In honor of the holidays, I want to thank the volunteers that made Drain such a great place to be over the last year.

Steve Dahl

Steve Dahl

First, is the City Council. Like most of the cities in Oregon, the City Council of Drain is made up of citizen volunteers. They dedicate time every month to meet and set the priorities and agenda for the city. City staff then take this agenda and create programs and a budget to achieve the council’s stated goals. But without the volunteers who put themselves out in front, the city would not have a direction to move in. Making decisions is not an easy task, especially if you think your neighbors will disagree or cut off all communication if they disagree with your decision.

To help out these councilors, Drain has three advisory groups. The first of these is the planning commission, which hears and reviews applications for home building, lot division and other land use issues. Commissioners listen and are able to make decisions and suggestions to help Drain be a positive place to live. Planning in Oregon can be a confusing mess of rules and regulations and I appreciate the work that the planning commission does to help think about all the citizens’ needs when they make a decision.

The Civic Center Committee and the Cemetery Committee act as advisory committees to the council. They help ensure the original intent of rules for the Civic Center and the cemetery are followed and that ideas, thoughts and suggested changes are brought to them for a hearing before going in front of the council. These committees play an important role by including more citizens in the decision-making process. The more citizens that are involved in the process the better the buy-in from the community.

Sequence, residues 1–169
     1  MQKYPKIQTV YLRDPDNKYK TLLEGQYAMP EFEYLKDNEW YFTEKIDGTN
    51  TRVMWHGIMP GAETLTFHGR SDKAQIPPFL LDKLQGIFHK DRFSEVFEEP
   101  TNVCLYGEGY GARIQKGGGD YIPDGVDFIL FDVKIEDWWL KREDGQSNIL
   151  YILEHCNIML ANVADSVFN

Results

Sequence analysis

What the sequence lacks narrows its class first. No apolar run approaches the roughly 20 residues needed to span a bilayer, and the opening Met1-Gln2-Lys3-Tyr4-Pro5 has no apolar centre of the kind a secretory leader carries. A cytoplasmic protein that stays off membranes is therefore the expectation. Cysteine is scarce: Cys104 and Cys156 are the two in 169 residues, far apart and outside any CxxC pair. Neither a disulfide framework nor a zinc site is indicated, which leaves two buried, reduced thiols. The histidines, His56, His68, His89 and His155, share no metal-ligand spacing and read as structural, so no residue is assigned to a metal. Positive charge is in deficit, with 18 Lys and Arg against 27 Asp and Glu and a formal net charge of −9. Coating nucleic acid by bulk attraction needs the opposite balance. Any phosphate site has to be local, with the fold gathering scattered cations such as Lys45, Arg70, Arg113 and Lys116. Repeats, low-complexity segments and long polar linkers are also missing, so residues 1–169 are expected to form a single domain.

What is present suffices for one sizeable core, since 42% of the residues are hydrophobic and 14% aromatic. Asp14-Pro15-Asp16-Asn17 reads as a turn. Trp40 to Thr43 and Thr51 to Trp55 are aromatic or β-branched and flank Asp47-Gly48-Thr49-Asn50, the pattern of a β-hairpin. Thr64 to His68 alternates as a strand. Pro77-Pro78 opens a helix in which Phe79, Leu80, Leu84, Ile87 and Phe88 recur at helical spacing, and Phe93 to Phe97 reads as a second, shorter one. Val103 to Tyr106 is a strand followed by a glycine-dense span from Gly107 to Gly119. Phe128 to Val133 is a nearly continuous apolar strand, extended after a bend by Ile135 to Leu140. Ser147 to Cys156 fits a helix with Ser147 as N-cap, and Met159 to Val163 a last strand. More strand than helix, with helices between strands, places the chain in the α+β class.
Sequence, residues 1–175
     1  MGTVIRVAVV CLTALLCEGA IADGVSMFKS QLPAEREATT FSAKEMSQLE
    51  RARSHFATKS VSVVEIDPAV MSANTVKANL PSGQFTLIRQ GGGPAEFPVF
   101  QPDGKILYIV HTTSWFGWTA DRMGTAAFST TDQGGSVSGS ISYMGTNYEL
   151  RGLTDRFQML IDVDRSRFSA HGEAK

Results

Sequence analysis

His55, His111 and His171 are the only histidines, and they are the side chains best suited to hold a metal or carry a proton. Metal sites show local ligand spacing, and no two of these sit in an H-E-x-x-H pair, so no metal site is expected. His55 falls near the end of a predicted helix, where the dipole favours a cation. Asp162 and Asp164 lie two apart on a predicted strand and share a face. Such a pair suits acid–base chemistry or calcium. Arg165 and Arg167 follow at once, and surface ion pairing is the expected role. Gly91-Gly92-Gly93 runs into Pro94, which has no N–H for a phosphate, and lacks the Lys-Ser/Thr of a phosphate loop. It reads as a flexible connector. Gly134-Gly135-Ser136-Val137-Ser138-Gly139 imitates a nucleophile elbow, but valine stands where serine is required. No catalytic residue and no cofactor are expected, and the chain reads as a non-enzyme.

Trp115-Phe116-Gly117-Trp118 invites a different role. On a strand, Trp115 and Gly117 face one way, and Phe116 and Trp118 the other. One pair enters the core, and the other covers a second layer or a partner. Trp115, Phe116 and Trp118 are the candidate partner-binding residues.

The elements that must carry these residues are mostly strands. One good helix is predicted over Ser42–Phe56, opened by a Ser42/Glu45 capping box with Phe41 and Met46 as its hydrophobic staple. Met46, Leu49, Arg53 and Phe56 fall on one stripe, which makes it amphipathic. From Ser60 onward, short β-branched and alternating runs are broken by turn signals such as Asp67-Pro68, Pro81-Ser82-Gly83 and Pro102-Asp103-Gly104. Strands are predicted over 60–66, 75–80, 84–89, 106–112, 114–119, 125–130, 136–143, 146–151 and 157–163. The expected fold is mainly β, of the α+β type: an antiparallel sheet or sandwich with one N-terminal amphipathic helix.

Not only do we have volunteers who run the City of Drain. The area also has volunteers who successfully lobbied the community to create the North Douglas Library District. Not only did they go out and get enough signatures to get the district on the ballot, but they also raised money to campaign for the passing of the district. Then they helped weed the library of old books, they cleaned the books on the shelves, and they ordered new books. They also created the rules and organization that will run the library. These volunteers have helped make Drain a better place and I appreciate their hard work and positive attitude.

Finally, I want to thank the volunteers who run the food pantries and provide help for those in need within the community. Without their care and generosity, many people in the area would go without basic necessities. This includes the people who check on their neighbors just to make sure they are OK and that they don’t need anything.

These are the unsung heroes that make Drain a better place to live. Without them, the city would just be a place to live. With them, we have a community.

Steve Dahl is the city administrator for the city of Drain.

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